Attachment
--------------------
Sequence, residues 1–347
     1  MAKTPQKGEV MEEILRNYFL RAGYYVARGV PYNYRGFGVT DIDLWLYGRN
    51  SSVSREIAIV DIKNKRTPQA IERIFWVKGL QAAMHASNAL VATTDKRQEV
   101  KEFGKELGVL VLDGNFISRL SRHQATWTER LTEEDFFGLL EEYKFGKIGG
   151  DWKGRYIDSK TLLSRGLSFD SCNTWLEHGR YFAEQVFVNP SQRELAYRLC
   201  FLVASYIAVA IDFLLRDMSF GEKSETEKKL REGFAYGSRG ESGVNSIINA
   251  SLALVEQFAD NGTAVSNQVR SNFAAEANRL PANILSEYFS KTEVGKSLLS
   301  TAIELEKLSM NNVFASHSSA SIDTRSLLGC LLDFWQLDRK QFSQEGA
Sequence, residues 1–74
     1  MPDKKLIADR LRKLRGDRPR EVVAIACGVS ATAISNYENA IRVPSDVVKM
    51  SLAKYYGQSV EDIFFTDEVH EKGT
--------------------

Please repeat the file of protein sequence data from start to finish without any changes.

Sequence, residues 1–347
     1  MAKTPQKGEV MEEILRNYFL RAGYYVARGV PYNYRGFGVT DIDLWLYGRN
    51  SSVSREIAIV DIKNKRTPQA IERIFWVKGL QAAMHASNAL VATTDKRQEV
   101  KEFGKELGVL VLDGNFISRL SRHQATWTER LTEEDFFGLL EEYKFGKIGG
   151  DWKGRYIDSK TLLSRGLSFD SCNTWLEHGR YFAEQVFVNP SQRELAYRLC
   201  FLVASYIAVA IDFLLRDMSF GEKSETEKKL REGFAYGSRG ESGVNSIINA
   251  SLALVEQFAD NGTAVSNQVR SNFAAEANRL PANILSEYFS KTEVGKSLLS
   301  TAIELEKLSM NNVFASHSSA SIDTRSLLGC LLDFWQLDRK QFSQEGA
Sequence, residues 1–74
     1  MPDKKLIADR LRKLRGDRPR EVVAIACGVS ATAISNYENA IRVPSDVVKM
    51  SLAKYYGQSV EDIFFTDEVH EKGT